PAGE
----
Winding Up Of A Company

The winding up of a company is the process by which a company’s assets are collected and sold in order to pay off its debts following which it is formally dissolved and ceases to exist.

What is Winding Up or Liquidation of a Company?

The winding up or liquidation of a company is the process by which a company’s assets are collected and sold in order to pay its debts. Any monies remaining after all debts, expenses and costs have been paid off are distributed amongst the shareholders of the company. When the winding up has been completed, the company is formally dissolved and it ceases to exist.

Broadly speaking, a company can be wound up in one of two ways: 
  • A Court can compulsorily wind up a company. 
  • The shareholders or the creditors of the company can themselves apply to wind up the company in proceedings known as “voluntary winding up”.  The following is a brief overview of compulsory winding up.
A) Compulsory Winding Up
Under section 272 of the companies act, the petition for winding up of a company can be initiated. There are certain grounds upon which a company can be wound up compulsorily by the Court. A company’s inability to pay its debts is a common ground for presenting an application for compulsory winding up. A company is deemed to be unable to pay its debts if:
  • When the company has passed the special resolution stating that the company be wound up by the Court or Tribunal.  
  • Has acted against the interest of the sovereignty and integrity of the country.
  • The company has defaulted in filing its financial statement or annual returns for five consecutive financial years. 
  • Tribunal or Court believes that the company is conducting its affairs fraudulently or the formation of the company was for a fraudulent/unlawful purpose. 
  • The Tribunal or Court is of the opinion that it is just and equitable to wind up the company. 
  • Execution of a judgment obtained by a creditor against a company remains unsatisfied in part or in whole; or
  • It is proved to the Court’s satisfaction that the company is unable to pay its debts.
An application to wind up a company compulsorily may be filed by:
  • The company itself;
  • Any director of the company;
  • A creditor of the company;
  • A contributory;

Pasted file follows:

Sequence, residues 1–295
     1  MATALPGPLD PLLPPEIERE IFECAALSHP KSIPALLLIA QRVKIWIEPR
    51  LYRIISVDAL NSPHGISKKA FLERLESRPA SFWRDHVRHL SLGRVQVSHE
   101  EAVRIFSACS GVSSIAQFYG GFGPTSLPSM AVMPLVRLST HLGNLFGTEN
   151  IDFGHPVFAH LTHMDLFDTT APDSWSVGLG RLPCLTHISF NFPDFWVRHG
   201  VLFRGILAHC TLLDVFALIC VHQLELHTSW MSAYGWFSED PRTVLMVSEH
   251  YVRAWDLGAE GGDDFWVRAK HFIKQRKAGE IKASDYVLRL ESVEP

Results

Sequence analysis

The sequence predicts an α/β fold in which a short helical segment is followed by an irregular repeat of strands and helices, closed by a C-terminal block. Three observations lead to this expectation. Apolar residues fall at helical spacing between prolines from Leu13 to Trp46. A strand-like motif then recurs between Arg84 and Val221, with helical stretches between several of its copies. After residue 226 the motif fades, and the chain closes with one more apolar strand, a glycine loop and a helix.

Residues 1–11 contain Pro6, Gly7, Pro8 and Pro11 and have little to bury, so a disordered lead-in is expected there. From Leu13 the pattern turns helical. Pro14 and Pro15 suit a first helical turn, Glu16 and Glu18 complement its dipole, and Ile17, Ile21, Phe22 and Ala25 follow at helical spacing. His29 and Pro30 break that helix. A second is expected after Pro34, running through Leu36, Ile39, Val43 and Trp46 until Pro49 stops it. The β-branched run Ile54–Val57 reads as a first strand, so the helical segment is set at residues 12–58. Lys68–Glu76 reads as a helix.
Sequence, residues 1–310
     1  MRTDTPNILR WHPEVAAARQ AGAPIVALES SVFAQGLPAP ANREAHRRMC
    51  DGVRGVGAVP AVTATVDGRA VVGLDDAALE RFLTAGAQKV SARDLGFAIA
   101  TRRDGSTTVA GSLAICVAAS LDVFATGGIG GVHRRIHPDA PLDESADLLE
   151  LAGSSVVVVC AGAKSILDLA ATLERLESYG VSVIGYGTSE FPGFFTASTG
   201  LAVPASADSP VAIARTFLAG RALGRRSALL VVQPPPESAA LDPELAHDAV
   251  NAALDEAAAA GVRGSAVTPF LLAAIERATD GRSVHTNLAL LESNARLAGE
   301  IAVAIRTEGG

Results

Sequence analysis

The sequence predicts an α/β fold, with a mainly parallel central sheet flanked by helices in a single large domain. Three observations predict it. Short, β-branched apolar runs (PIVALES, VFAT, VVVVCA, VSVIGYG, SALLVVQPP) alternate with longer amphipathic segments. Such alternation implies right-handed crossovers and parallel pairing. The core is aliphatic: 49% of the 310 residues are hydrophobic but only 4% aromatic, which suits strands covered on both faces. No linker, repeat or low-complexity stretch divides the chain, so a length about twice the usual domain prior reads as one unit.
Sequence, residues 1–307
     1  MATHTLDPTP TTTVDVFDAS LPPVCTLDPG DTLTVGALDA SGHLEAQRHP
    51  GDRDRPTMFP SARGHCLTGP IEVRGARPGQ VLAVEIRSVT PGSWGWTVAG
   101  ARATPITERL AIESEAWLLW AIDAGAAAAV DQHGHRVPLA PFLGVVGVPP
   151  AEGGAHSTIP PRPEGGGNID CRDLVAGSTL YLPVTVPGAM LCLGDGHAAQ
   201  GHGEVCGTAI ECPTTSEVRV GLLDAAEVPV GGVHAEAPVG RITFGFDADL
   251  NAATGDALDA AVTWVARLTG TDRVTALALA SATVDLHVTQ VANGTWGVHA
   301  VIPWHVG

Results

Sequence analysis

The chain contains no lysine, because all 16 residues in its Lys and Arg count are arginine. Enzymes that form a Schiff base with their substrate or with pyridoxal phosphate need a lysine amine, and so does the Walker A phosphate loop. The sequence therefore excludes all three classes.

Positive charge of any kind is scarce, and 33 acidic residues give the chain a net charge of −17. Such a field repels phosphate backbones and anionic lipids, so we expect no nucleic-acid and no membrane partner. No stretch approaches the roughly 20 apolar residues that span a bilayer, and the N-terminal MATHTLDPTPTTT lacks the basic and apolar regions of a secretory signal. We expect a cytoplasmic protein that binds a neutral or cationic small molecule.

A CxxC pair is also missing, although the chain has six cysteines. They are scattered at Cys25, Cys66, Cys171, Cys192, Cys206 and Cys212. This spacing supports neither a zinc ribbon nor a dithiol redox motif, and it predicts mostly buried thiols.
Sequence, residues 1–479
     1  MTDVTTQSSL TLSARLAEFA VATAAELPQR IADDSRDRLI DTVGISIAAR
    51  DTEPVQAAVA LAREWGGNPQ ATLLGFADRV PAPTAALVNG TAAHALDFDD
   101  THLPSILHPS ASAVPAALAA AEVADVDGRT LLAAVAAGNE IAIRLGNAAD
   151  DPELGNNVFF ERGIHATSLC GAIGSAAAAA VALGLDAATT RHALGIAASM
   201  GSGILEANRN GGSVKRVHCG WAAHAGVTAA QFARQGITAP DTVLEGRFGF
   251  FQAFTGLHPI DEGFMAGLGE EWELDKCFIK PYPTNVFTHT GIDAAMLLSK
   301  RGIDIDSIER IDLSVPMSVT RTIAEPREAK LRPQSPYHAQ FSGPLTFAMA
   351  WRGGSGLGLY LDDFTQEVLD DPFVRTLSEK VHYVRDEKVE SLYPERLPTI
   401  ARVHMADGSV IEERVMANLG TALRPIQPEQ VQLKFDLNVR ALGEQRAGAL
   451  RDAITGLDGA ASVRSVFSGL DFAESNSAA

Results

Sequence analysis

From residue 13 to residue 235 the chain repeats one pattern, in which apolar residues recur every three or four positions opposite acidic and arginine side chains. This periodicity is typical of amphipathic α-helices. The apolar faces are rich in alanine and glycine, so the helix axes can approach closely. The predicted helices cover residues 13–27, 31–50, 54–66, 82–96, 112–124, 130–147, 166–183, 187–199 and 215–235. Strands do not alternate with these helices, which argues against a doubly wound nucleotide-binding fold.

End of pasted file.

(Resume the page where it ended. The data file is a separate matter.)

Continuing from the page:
• A liquidator of the company;
  • A judicial manager of the company;
  • Where the company is carrying on or carried on banking business
  • Various Ministers on grounds specified under the law.
Procedure for Compulsory Winding Up:
  • The application for the winding up of a company by the Court in either Form CIR-11 or Form CIR-12 of the Insolvency, Restructuring and Dissolution (Corporate Insolvency and Restructuring) Rules 2020 must be filed together with a supporting affidavit.
  • In addition, the plaintiff or applicant needs to pay a deposit to the Official Receiver before the filing of the application. (https://io.mlaw.gov.sg/corporate-insolvency/practice-circulars/ )
  • When filing the winding up application, the plaintiff or applicant can nominate a licensed insolvency practitioner to be appointed as the liquidator if a winding up order is made by the Court.
  • Before the hearing of the application, the plaintiff or applicant, must obtain and file the written consent of the nominated licensed insolvency practitioner to be appointed as liquidator.
  • The winding up application must be served on the company, the Official Receiver and the nominated licensed insolvency practitioner (if any). An affidavit of service in either Form CIR-13 or Form CIR-14 must be filed at least 5 days before the hearing of the winding up application.
  • An advertisement of the winding up application is required to be placed in an English local daily newspaper or in any other newspaper directed by the Court, as well as in the Government Gazette not less than 7 days before the hearing of the winding up application.
  • If any person intends to appear at the hearing, a notice of intention to appear in Form CIR-15 must be served on the applicant.
  • Any person who wishes to oppose the winding up application may file an affidavit in opposition which must be served on the applicant at least 5 days before the hearing of the winding up application.